Ukraine was on the mind of Kazkahs as they reelected Nursultan Nazarbayev, 74, to the position of president Sunday. The only president the young nation has ever known received 97.7 percent of the vote in an election where over 95 percent of eligible voters participated.
While local media cherry-picked positive feedback about the elections, international elections monitors had harsh criticisms of the process. The Organization for Security and Co-operation in Europe (OSCE) called the elections “hardly visible.”
“Voters were not offered a genuine choice between political alternatives,” Cornelia Jonker, head of the OSCE monitoring mission told Deutsche Welle.
In an episode of the Central Asianist podcast aired before the elections, Eurasia.org’s Chief Central Asia Correspondent Joanna Lillis called the elections a “complete one-horse race.”
Experts who closely follow developments in Kazkahstan believe it is likely Nazarbayev would have had a runaway victory against any competitor. But while Nazarbayev may not have personally tampered with the election results, that doesn’t mean the outcome is clean.
“I don’t think he received, in reality, 97.7 percent. I think it’s a little bit of manipulation,” an independent political analyst who asked his name not be used, told ThinkProgess by phone. “The president appoints the regional governors who want to impress him. It doesn’t mean he’s not popular — he is popular. He’d get at least 60 but not close to 100 [percent of votes].”
The opposition figures included Turgun Syzdykov, a 68-year-old politician representing the Communist People’s Party of Kazakhstan, and Abelgazy Kusainov, 63, who has held various government positions. The rest of the opposition is in jail or exile leaving the country with a potential crisis on its hands once Nazarbayev’s rule ends — something that seems unlikely to occur before his death.
“All of the [potential leaders] have very little experience of actually running a country,” Sidharth Saxena, chairman of the Cambridge Central Asia Forum at Cambridge University, told Vice News. “There hasn’t been enough time yet for leaders to emerge.”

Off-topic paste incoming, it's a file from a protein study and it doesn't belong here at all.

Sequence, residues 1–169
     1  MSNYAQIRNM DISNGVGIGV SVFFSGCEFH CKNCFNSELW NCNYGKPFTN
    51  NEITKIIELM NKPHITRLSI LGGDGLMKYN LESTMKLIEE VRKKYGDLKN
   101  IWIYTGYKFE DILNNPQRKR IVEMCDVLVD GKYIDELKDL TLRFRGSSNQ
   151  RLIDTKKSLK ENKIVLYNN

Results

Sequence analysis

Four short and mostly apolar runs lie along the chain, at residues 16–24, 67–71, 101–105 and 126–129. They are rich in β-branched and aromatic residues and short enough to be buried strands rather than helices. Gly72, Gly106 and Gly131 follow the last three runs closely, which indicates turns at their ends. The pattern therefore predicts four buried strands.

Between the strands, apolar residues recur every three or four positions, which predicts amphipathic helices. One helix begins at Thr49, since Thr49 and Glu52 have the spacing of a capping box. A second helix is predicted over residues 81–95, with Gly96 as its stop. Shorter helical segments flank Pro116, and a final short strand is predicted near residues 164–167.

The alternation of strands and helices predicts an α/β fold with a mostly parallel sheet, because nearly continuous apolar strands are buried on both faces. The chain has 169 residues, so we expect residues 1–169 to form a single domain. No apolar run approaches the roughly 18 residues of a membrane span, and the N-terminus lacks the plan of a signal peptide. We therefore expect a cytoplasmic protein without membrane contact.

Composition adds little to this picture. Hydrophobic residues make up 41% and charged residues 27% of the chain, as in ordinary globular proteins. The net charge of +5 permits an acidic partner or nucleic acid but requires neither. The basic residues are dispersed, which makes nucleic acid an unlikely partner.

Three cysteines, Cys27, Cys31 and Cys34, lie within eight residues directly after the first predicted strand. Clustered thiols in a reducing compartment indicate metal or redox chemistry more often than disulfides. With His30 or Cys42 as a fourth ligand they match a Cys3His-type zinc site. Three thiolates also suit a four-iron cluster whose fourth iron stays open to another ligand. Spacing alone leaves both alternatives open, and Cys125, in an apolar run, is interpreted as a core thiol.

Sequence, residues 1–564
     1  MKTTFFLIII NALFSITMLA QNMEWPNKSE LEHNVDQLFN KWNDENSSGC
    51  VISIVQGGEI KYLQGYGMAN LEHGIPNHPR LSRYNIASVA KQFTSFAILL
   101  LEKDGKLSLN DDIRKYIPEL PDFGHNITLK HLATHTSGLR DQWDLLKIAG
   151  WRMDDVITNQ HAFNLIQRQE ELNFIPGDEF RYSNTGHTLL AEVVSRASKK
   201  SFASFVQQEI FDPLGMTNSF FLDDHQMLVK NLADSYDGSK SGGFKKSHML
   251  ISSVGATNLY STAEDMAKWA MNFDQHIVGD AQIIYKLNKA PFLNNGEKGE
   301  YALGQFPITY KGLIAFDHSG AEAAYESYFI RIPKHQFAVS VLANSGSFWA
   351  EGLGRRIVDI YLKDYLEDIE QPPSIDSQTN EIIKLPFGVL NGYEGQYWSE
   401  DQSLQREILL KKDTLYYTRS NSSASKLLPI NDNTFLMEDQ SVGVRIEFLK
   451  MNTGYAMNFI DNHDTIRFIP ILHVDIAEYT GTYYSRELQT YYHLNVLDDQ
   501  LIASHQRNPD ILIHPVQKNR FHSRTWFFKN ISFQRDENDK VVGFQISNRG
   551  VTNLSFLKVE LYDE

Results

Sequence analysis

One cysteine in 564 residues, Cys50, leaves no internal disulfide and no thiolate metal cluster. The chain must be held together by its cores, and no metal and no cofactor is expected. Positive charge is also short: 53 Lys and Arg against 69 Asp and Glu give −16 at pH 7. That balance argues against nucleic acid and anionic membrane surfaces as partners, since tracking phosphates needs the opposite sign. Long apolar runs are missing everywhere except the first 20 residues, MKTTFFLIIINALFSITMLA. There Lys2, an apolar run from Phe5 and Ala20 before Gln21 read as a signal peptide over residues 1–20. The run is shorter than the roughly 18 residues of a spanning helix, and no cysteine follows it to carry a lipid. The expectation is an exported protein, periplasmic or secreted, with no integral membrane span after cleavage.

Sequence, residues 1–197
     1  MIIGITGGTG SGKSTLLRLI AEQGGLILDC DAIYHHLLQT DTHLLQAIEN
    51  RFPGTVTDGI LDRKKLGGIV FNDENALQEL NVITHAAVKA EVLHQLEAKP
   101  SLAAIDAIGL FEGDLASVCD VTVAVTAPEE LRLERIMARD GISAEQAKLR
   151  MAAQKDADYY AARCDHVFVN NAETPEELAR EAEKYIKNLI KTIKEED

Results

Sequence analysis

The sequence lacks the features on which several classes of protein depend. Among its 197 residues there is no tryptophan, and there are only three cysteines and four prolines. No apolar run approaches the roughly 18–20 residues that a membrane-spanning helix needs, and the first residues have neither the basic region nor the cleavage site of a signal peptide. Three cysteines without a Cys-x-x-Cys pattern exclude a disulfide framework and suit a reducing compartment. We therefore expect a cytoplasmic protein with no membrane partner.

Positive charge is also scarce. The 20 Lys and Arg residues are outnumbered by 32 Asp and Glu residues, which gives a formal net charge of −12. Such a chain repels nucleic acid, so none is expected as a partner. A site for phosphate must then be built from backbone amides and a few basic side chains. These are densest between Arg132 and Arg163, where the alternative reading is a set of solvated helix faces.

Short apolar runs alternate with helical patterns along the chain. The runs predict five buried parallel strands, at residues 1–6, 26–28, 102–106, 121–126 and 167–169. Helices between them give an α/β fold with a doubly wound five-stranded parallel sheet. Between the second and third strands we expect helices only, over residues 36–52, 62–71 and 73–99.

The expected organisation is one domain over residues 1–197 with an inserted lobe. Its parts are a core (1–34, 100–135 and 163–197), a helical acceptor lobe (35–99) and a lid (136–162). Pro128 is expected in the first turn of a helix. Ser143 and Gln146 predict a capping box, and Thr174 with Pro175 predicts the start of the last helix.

Nazarbayev has yet to put forward a successor. The most likely scenario, according to the analyst, is that a relative of the current leader will rise and assume his role of power. Nazarbayev recently appointed his 30-year-old grandson to the position of deputy governor of Astana, Kazakhstan’s capital, and his nephew is considered a powerful member of the security services.
“I am voting for Nazarbayev, because I need no changes in my life. I am happy with things as they are under the current authorities,” voter Daniyar Yerzhanov, 43, told the Washington Post. “We businessmen don’t need the kind of democracy you get in Ukraine. We need stability and predictability.”
Nazarbayev first rose to power in the former Soviet state in 1989. He’s been widely criticized for suppressing political freedom and allowing a cultural of corruption to fester in the oil-rich state. But supporters laud him for leading the country through periods of vast economic development and maintaining relative stability compared to other Central Asian states.
“I apologize if these numbers are unacceptable for the superdemocratic countries, but there was nothing I could do,” Nazarbayev said in a televised speech following the announcement of his reelection. “If I had interfered, it would have been undemocratic.”
According to the analyst, one of the most pressing issues on the mind of Kazakh voters was stability, particularly in light of recent developments in Ukraine. Kazakhs fear that Russia’s role in destabilizing Ukraine could be repeated in their homeland. “What happened in Ukraine scared the Kazakh elite,” the analyst said.
Pro-Russian forces in Ukraine have played a part in destabilizing the situation in a country split between joining the EU and traditional loyalties to Russia. Kazakhstan’s north and northeastern regions are populated by around 4.25 million ethnic Russians which has supporters of Kazakhstan’s sovereignty on edge. Elections were initially planned for 2016 but Nazarbayev moved them up a year and followers of Kazakh politics believe it was to calm the nation’s nerves.
“Nazarbayev is on good terms with [Russia’s President Vladimir] Putin so Nazarbayev wants to say ‘I’m going to be here for another five years so you don’t have to worry about it,’” the analyst said. “Whoever succeeds [Nazarbayev] may be more Kazakh nationalist and may cause differences with President Putin and that could be a destabilizing situation potentially.”
But economic problems have led to a couple high profile cases of instability. In 2011, oil workers protested for improved labor conditions in western Kazakhstan leading to a crackdown by government forces. The state claimed 16 people were killed but this figure was called into question by witnesses and human rights workers, with some saying the death toll may have been in the hundreds.
The devaluation of Kazakhstan’s local currency led to “rare protests” last year in Almaty, as people who could no longer afford to pay their mortgages took to the streets.
“The government will immediately crack down and limit those types of protests because they are quite concerned [about instability],” said the analyst.
Successor aside, the economic future of Kazakhstan could leave the country in shambles. The outlook is “bleaker than it’s been for years,” Eurasia.org’s Lillis said. The analyst added, “Bad times are coming.”